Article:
Previous work in cell culture established a role for FOXN3 as a transcriptional repressor (Pati et al., 1997; Samaan et al., 2010; Schuff et al., 2007; Scott and Plon, 2005). Specifically, human FOXN3 and Xenopus Foxn3 bind the histone deacetylase complex (HDACs) component Sin3 using a glutamyl-alanyl-alanyl (EAA) carboxy terminal motif that is conserved in zebrafish Foxn3 (Figure 3A). Xenopus Foxn3 also binds the HDAC class I catalytic subunit Rpd3 via its N-terminal 135 aminoacyl residues, a region conserved highly among vertebrate FOXN3 ortholog (Schuff et al., 2007). HDACs repress gene transcription by remodeling chromatin. Thus, we posited that Foxn3 directs HDAC activity to genes controlling liver glucose metabolism.
To get a global view of the gene regulatory changes caused by Foxn3, we performed whole transcriptome (RNA-seq) analysis on livers dissected from WT and Tg(fabp10a:foxn3,EGFP)z106 transgenic animals, analyzing the data with DESeq2 (Anders and Huber, 2010). The most-upregulated gene in Tg(fabp10a:foxn3,EGFP)z106 transgenic livers was the transgene itself (Figure 4A). The most-downregulated transcript in Tg(fabp10a:foxn3,EGFP)z106 transgenic animals was mycb, encoding Mycb, a transcription factor whose human and mouse orthologs are known to regulate expression of multiple glycolytic enzymes (Kim et al., 2004; Peterson and Ayer, 2011). Overexpression of Myc in mouse liver causes a 25% decrease fasting blood glucose via coordinated modulation of glycolytic and gluconeogenic gene expression (Kim et al., 2004; Morrish et al., 2009; Osthus et al., 2000; Peterson and Ayer, 2011; Valera et al., 1995). Using RT-PCR, we confirmed the RNA-seq- detected down-regulation of myca and mycb, and up-regulation of pck1 transcript abundance in Tg(fabp10a:foxn3,EGFP)z106 transgenic animals (Figure 4B). Similar to pck1 induction, we found the transcript for the liver glucose exporter Slc2a2 (Glut2) to be induced in Tg(fabp10a:foxn3,EGFP) transgenic animals (Figure 4B).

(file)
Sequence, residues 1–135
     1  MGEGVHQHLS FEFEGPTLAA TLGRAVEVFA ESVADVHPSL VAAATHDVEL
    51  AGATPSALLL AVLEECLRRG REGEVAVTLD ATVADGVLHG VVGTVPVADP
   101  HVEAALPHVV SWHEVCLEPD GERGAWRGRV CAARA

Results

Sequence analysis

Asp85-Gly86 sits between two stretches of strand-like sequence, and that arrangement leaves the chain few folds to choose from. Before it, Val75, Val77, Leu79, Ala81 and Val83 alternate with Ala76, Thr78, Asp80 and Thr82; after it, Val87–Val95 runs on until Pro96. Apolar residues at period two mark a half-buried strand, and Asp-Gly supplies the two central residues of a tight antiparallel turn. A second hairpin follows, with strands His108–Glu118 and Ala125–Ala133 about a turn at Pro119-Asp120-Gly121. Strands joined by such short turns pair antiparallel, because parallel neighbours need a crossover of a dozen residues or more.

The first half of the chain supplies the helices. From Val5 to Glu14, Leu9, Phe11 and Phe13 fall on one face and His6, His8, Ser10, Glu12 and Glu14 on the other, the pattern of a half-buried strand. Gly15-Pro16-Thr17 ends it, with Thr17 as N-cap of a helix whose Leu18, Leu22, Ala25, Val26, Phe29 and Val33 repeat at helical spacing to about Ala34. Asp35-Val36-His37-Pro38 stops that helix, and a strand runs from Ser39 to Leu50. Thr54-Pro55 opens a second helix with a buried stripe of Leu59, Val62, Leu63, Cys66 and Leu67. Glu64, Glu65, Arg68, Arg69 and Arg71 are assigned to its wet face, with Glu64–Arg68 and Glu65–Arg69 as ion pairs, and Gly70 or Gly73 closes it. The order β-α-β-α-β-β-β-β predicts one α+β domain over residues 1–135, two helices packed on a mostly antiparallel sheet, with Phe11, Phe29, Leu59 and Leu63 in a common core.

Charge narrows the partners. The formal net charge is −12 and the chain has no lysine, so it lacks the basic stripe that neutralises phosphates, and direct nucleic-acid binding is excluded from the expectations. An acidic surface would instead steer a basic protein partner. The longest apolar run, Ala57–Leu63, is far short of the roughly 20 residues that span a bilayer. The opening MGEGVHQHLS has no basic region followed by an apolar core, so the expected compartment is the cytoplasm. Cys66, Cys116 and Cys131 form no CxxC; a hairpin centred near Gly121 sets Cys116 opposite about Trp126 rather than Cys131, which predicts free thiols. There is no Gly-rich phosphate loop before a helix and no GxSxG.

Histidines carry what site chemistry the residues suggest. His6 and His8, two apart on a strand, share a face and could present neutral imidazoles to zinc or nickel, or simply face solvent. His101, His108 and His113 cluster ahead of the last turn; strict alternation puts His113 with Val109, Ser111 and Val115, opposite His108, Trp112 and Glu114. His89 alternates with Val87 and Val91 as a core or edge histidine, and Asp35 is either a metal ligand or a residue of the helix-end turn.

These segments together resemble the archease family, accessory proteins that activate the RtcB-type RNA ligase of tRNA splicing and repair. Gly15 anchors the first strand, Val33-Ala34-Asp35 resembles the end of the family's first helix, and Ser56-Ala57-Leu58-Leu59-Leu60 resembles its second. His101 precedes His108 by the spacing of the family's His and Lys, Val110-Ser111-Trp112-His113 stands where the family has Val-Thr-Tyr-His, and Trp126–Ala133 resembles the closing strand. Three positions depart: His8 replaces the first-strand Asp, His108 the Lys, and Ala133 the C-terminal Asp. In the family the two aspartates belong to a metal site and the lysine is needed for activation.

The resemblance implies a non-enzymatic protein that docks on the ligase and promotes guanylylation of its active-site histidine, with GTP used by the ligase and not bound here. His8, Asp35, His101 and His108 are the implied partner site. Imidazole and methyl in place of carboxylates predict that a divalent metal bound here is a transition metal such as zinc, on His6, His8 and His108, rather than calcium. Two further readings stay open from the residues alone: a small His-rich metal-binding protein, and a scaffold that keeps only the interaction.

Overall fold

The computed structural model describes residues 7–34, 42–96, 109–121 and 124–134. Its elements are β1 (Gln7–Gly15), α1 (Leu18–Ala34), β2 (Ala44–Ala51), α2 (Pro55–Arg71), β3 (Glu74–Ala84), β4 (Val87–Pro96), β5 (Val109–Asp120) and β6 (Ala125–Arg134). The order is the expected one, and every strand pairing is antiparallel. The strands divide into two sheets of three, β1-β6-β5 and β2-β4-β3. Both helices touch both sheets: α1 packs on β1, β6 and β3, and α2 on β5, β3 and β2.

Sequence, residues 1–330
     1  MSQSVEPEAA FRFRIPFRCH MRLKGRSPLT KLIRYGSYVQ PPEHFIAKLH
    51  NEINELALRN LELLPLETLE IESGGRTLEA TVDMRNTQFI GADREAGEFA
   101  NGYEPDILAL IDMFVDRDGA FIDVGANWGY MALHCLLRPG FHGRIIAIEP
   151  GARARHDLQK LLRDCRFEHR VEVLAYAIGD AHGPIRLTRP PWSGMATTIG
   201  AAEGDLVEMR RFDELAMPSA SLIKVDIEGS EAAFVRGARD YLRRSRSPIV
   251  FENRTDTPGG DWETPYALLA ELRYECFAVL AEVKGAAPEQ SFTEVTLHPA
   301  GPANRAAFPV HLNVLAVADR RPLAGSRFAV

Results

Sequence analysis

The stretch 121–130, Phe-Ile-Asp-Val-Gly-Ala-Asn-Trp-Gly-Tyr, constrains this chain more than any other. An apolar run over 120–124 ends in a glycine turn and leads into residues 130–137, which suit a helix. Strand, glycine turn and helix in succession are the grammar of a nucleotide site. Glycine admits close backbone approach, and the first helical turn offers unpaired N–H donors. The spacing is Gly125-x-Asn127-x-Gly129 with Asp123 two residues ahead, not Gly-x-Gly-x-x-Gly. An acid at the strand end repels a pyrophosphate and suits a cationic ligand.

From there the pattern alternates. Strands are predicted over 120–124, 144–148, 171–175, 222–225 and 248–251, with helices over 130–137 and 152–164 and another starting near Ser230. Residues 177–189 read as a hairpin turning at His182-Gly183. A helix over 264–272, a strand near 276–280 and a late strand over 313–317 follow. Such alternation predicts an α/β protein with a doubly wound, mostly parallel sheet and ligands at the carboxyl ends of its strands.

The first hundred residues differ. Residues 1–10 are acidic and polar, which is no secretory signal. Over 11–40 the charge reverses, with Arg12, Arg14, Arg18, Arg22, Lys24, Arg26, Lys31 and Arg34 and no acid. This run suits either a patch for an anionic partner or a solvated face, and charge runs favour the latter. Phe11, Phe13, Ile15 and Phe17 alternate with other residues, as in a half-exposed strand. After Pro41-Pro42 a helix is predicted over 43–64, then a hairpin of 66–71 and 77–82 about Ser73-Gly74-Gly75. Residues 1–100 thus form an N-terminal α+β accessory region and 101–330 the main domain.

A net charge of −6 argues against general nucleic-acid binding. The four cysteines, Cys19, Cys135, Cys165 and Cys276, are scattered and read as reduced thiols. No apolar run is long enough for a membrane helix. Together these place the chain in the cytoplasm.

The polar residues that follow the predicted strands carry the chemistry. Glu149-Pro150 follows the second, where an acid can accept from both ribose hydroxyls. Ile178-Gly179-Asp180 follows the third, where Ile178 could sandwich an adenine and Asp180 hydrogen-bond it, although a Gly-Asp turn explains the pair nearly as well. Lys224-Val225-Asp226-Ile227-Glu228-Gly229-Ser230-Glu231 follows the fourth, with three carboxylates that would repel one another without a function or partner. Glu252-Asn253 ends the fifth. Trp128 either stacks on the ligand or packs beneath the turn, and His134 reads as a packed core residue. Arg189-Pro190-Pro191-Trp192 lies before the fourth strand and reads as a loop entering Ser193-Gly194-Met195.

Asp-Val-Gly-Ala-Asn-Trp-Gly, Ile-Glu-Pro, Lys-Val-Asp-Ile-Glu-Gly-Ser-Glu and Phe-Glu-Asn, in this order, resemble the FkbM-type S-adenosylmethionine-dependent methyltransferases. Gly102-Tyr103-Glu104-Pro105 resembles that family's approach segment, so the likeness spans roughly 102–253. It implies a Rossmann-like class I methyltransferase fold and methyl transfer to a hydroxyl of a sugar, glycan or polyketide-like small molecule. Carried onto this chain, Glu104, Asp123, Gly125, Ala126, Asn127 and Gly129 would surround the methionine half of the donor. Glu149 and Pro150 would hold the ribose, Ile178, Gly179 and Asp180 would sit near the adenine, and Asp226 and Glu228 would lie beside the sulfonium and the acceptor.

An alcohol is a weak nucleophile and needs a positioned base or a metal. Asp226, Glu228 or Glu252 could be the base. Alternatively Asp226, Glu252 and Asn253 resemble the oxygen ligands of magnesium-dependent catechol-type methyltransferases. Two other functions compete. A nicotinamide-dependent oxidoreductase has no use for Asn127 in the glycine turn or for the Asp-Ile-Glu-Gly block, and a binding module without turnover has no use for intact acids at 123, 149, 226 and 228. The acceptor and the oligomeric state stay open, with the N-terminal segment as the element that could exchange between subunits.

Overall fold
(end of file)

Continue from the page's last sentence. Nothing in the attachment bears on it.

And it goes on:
The gene expression changes seen in Tg(fabp10a:foxn3,EGFP)z106 transgenic animals suggested that FOXN3 may regulate fasting glucose metabolism by inducing gluconeogenic gene expression and by repressing MYC-driven glycolysis. Indeed, MYC protein is briefly induced when HepG2 cells are placed in low glucose medium, partially mirroring the down-regulation of FOXN3 seen under these conditions (Figure 2B, 2C, S2A and S2B). Thus, we measured the MYC transcript abundance in our panel of primary human hepatocyte samples. The rs8004664 risk allele was gene dose dependently associated with lower MYC transcript abundance (Figure 4C and Table S1). Immunoblot analysis of the 12 primary human hepatocytes examined in Figure 1E and 1F revealed that the rs8004664 dose dependently decreased MYC protein abundance (Figure 4D and 4E).